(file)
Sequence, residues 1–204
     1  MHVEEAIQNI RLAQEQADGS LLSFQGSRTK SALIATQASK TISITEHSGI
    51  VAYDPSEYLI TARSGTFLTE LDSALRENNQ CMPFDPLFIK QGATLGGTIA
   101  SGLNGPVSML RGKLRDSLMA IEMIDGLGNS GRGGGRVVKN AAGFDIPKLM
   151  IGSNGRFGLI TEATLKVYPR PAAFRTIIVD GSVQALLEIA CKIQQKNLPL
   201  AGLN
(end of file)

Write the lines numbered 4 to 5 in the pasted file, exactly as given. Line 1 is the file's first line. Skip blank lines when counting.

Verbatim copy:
   101  SGLNGPVSML RGKLRDSLMA IEMIDGLGNS GRGGGRVVKN AAGFDIPKLM
   151  IGSNGRFGLI TEATLKVYPR PAAFRTIIVD GSVQALLEIA CKIQQKNLPL